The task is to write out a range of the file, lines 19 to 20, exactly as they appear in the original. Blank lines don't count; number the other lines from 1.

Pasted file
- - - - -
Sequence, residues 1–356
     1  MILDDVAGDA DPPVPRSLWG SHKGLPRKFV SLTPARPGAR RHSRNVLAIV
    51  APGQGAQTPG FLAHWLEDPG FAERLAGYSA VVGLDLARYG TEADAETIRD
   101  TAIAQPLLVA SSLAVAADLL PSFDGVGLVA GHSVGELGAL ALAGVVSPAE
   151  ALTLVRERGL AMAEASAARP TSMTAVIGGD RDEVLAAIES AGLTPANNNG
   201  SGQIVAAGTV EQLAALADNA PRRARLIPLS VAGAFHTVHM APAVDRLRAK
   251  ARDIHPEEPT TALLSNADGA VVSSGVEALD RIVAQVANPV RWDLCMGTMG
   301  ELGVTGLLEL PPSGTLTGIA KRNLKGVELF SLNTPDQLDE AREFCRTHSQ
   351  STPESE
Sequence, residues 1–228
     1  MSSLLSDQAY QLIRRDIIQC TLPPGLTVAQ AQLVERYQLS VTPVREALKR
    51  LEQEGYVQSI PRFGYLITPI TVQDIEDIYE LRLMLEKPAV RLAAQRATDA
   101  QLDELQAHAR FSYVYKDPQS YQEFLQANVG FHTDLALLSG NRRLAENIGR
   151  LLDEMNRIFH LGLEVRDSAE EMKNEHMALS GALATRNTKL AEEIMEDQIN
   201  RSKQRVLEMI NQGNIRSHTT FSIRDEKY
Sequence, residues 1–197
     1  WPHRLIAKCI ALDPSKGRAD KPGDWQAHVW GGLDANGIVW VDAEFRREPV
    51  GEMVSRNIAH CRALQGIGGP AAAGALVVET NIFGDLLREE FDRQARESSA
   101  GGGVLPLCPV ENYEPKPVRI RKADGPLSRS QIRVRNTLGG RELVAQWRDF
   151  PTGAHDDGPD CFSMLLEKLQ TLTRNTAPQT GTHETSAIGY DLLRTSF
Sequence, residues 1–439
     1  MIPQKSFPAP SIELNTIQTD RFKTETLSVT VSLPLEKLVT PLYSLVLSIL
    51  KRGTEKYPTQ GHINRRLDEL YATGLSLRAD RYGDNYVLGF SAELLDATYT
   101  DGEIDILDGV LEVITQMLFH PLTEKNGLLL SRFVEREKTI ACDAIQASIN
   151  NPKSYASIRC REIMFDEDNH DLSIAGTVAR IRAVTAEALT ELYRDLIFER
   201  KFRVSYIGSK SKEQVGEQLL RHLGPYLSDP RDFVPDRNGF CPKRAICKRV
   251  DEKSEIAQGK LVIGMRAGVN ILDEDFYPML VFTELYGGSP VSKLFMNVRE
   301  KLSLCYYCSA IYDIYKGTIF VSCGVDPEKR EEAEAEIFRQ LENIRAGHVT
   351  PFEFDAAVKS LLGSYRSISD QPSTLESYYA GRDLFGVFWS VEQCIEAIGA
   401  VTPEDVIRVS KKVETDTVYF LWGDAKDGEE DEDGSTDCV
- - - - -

   101  GGGVLPLCPV ENYEPKPVRI RKADGPLSRS QIRVRNTLGG RELVAQWRDF
   151  PTGAHDDGPD CFSMLLEKLQ TLTRNTAPQT GTHETSAIGY DLLRTSF